Poor defending has plagued the New York Rangers all season but stellar goaltending has bailed them out on numerous occasions. Still, if the Rangers want to become a playoff team, their atrocious play in their own zone will need to improve.

Turnover Struggles


Long gone are the days of players like Ryan Callahan and Dan Girardi, who valued defensive play as much, if not more than offensive play. The mentality of most current players seems to be all-offense all the time. This season the Rangers have the ninth-most giveaways in their defensive zone, with 277, and the fifth-most giveaways in their offensive zone, with 154.

Dan Girardi (Bruce Bennett/Pool Photo via USA TODAY Sports)

In part, the giveaways stem from passing up good opportunities in the offensive zone. Those giveaways often lead to rushes going the other way for opponents. Head coach David Quinn has told his team over and over that he wants them to shoot more often, but so far that hasn’t happened. Smarter plays with the puck in the offensive zone could help the Rangers prevent opponents from getting as many chances off the rush.

Many of the giveaways in the defensive zone result from players trying to make cross-ice breakout passes instead of simply dumping the puck out of the zone. This may stem from having four rookie defensemen playing this season, although Libor Hajek is currently out with a sprained knee. The Rangers do lead the league in points by defensemen, and many of these risky breakout passes have led to goals. The defensemen just need to figure out when to try them, and when to simply pop the puck out of the defensive zone.

Penalty Kill

Lack of discipline has also been an issue for the Rangers. They are tied for the league lead with 146 minutes shorthanded this season. Many of the penalties have been unnecessary and have come in the offensive zone. They are one of the youngest teams in the league, so this may be a sign of growing pains, but the Blueshirts do not have a strong penalty kill, and silly penalties have burned them all season. The best way to help the struggling penalty kill is to not take penalties in the first place.

The Rangers have the eighth-worst penalty kill percentage in the league at 77.4 percent. They gave up three power-play goals on Dec. 31 in a 7-5 loss to the Edmonton Oilers. The inability to kill off those penalties cost New York the game. Getting Mika Zibanejad back from an upper-body injury has helped the team, but they remain near the bottom of the league in penalty killing.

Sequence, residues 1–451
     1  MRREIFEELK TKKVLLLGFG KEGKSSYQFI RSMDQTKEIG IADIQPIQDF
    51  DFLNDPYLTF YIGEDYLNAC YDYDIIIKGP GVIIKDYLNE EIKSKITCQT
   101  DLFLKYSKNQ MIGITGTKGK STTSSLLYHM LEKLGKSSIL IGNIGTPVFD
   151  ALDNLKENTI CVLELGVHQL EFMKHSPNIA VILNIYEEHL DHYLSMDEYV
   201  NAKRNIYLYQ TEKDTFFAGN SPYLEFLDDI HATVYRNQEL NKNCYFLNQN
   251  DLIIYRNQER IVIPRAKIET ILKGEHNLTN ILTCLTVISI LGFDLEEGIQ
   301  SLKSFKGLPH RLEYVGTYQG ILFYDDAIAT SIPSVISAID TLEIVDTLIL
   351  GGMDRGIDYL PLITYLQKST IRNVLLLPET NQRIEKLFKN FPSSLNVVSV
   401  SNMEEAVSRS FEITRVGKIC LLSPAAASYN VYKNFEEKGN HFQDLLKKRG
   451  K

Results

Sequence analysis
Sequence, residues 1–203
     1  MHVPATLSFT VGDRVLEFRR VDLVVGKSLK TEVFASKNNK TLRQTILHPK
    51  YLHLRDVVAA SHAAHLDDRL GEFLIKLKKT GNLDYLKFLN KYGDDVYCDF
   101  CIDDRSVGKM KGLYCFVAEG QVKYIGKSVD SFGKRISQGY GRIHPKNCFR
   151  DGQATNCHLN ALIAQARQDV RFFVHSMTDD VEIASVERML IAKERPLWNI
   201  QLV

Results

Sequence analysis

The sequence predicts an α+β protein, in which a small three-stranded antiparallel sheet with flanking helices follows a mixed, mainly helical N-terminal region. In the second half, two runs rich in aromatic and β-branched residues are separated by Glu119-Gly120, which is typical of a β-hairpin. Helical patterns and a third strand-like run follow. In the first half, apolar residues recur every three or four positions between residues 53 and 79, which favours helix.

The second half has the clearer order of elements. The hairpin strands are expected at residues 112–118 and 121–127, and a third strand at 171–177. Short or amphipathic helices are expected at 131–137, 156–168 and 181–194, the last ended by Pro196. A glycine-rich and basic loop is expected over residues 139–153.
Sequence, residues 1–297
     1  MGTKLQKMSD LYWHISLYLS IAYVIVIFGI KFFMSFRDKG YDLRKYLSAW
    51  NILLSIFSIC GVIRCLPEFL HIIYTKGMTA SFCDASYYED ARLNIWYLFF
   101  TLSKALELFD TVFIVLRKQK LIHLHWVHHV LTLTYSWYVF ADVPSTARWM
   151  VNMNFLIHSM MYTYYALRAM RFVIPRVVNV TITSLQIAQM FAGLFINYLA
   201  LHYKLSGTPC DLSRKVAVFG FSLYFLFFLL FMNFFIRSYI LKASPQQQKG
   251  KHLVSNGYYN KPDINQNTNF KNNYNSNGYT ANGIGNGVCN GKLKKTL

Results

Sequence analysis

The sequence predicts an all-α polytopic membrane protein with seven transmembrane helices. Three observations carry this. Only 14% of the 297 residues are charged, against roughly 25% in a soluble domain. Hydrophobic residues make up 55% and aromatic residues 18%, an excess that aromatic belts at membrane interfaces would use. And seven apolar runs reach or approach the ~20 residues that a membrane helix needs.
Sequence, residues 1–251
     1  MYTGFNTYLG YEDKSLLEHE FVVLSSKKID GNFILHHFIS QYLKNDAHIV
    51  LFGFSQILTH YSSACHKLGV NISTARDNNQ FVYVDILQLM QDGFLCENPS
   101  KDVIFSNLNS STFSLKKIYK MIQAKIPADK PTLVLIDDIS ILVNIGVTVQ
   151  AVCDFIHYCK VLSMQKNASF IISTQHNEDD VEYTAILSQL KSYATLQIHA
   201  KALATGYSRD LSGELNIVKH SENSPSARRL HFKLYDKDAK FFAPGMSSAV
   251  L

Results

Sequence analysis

New York Rangers Mika Zibanejad Vancouver Canucks Jay Beagle
New York Rangers center Mika Zibanejad defends against Vancouver Canucks center Jay Beagle (AP Photo/Kathy Willens)


The Rangers’ failure to win faceoffs is particularly noticeable on the penalty kill. Zibanejad, Ryan Strome, and Brett Howden, the three centers the Blueshirts use on the penalty kill, have all won less than 50 percent of the faceoffs they’ve taken this season.

The Rangers allow their opponents to control the puck and make easy passes without pressuring them in the defensive zone. They rely on goalies Henrik Lundqvist and Alexandar Georgiev to bail out the rest of the team, but even after big saves they often leave players open in the slot, get out-worked for rebounds or fail to clear the puck out of the defensive zone. They consistently end up with tired players stuck on the ice, which opposing players capitalize on.

In part, the struggles simply stem from having so many young players, most of whom are more NHL-ready offensively than defensively, but the issues run deeper than that. The coaching staff needs to find a way to improve the team’s defensive play. Quinn has stressed the importance of defense but remains frustrated with the results. He has benched players, including Pavel Buchnevich and Kaapo Kakko for defensive mistakes, but he can’t bench the entire team. On Saturday, an errant pass by Chris Kreider led to an icing call. The Maple Leafs scored off the ensuing faceoff.

Perhaps it’s time for Quinn to become more critical of his team’s defensively play. Maybe it’s time to finally fire Lindy Ruff, the often-criticized assistant coach, who was supposed to improve the team’s defense. Ultimately though, it’s up to every player on the team to start taking pride in his own defensive play.

David Quinn

Quinn has repeatedly called playing defense “a want.” It isn’t something that takes a ton of skill but it does take grit and desire. Right now, the Rangers do not want to play defense. If that doesn’t change, management will have to find players who do.

David Quinn, Lindy Ruff New York Rangers
New York Rangers coach David Quinn and assistant coach Lindy Ruff (AP Photo/Mark Humphrey)

It wasn’t so long ago that the Rangers were one of the best defensive teams in hockey, under head coach John Tortorella. This young, talented team doesn’t need to lead the league in blocked shots, as New York did under Torts, but they must improve their positioning, decision-making, and effort fighting for loose pucks.


If the Rangers can get it together in their own zone, they can become a playoff team. If they don’t, they will continue to rely on their strong goaltending and star players, but will be unable to sustain success.